Matthew C. Augustine. Andrew Marvell: A Literary Life. London: Palgrave Macmillan, 2021. Pp. xvi + 234; Softcover $29.99

At first glance, Matthew Augustine seems to have given us a streamlined biography of Andrew Marvell, one designed to appeal to general readers and undergraduates who might be deterred by the extensive and wide-ranging historical detail of Nigel Smith’s Andrew Marvell: The Chameleon (2010). Augustine views the ongoing renaissance in Marvell studies as having shifted so much attention to the second half of Marvell’s career, to the less immediately accessible “civil preoccupations of panegyric, satire, and animadversion,” that it has obscured “the domains of lyric invention and lyric possibility” that have traditionally drawn readers to the poet (1). He counters this trend by dedicating the bulk of Andrew Marvell: A Literary Life to the remarkable but slim body of poetry that Marvell wrote between 1646 and 1659.

But how does one write a “literary life” of a shadowy figure whose most famous works revel in irony and ambiguity? Augustine makes each chapter a gateway into a period of Marvell’s life, breaking them variously into multiple subsections focusing on biographical narrative, historical context, or literary interpretation. In chapters two and three, the basic biographical details and negligible literary production of Marvell’s early years give the biographer little with which to work. Augustine wisely uses this problem as an opportunity to provide background on the grammar-school education that Marvell would have received and on the humanist practice of imitatio that is so central to his poetry, highlighting the possibilities for “wayward variety, self-reflexive play, [and] creative subversion” that it offered (21). He also gives us an overview of the university education that Marvell would have received at Trinity College, Cambridge, employing its emphasis on disputations as a segue into a surprisingly detailed examination of his pastoral and philosophical dialogues. For readers looking for narrative momentum, these opening chapters will seem like a sluggish start, but they set out valuable frameworks for understanding Marvell’s later poems.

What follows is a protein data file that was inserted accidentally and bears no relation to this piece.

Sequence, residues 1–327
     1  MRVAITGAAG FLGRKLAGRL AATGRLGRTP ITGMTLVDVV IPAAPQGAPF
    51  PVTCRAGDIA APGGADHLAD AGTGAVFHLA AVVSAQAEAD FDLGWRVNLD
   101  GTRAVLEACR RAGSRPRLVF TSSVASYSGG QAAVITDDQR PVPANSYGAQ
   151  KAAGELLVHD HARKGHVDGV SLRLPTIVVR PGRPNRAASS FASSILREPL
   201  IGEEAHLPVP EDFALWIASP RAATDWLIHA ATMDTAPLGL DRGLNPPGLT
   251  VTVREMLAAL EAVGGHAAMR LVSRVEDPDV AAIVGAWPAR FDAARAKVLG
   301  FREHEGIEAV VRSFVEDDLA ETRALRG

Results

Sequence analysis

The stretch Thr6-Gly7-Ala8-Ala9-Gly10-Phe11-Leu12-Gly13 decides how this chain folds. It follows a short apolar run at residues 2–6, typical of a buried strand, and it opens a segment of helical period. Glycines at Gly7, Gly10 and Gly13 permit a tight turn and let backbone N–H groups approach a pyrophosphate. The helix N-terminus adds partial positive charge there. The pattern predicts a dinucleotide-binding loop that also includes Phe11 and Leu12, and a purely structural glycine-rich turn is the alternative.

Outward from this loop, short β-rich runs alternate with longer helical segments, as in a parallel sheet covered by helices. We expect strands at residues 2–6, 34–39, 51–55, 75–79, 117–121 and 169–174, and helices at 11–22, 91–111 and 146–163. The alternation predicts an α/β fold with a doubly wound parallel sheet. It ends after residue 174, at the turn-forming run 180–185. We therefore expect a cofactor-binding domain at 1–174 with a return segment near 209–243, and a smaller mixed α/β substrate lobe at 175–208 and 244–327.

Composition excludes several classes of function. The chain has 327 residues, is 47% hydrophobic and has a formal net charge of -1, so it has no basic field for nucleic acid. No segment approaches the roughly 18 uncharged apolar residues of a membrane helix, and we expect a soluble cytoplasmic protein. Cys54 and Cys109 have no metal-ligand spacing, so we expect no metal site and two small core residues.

Augustine soon hits his stride and maintains it throughout the rest of his study. The interplay among biographical, historical, and literary materials becomes more fluid and compelling, and the middle chapters consist mainly of detailed, biographically informed readings of key poems. In chapter four, Augustine examines “Flecknoe, an English Priest at Rome” as a product of Marvell’s continental tour, noting how the poet “must have glimpsed a possible future” for himself in the sordid life of Flecknoe (62). Focusing on the royalist poems that Marvell wrote upon his return, he suggests that the Villiers elegy provides “the beginnings of a figural map of Marvellian sexuality” (70). The chapter concludes by foregrounding the interpretive challenges of “The Unfortunate Lover” and “The Nymph Complaining.” Chapter five opens by juxtaposing “An Horatian Ode” with “Tom May’s Death” to highlight the complexities of Marvell’s political realignment and then pivots to an engaging twenty-page reading of “Upon Appleton House” as an example of “queer form” (107). Chapter six lingers on the summer of 1652 long enough to look at the Mower poems as “a screen for sexual and psychological alienation” (132) before moving forward to address Marvell’s service to Cromwell and the poems associated with it: “Bermudas,” “The First Anniversary of the Government under His Highness the Lord Protector,” and “A Poem upon the Death of His Late Highness the Lord Protector.” These are agile and engaging readings. Augustine attends to both classical backgrounds and seventeenth-century literary contexts; he demonstrates his extensive knowledge of Marvell criticism and uses it judiciously; and he displays theoretical sophistication without letting it cloud his arguments.